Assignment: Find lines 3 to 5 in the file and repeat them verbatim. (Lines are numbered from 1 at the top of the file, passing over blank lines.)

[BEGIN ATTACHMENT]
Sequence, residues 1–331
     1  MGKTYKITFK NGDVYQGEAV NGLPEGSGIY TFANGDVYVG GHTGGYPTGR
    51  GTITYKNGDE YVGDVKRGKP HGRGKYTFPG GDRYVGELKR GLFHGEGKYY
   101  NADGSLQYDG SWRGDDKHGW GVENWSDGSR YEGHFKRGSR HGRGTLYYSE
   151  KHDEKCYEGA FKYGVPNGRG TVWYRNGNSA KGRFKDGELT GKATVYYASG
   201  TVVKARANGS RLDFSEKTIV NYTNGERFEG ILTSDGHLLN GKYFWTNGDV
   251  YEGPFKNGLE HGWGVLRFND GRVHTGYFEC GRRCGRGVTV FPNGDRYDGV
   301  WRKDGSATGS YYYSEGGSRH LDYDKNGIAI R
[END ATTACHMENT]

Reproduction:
    51  GTITYKNGDE YVGDVKRGKP HGRGKYTFPG GDRYVGELKR GLFHGEGKYY
   101  NADGSLQYDG SWRGDDKHGW GVENWSDGSR YEGHFKRGSR HGRGTLYYSE
   151  KHDEKCYEGA FKYGVPNGRG TVWYRNGNSA KGRFKDGELT GKATVYYASG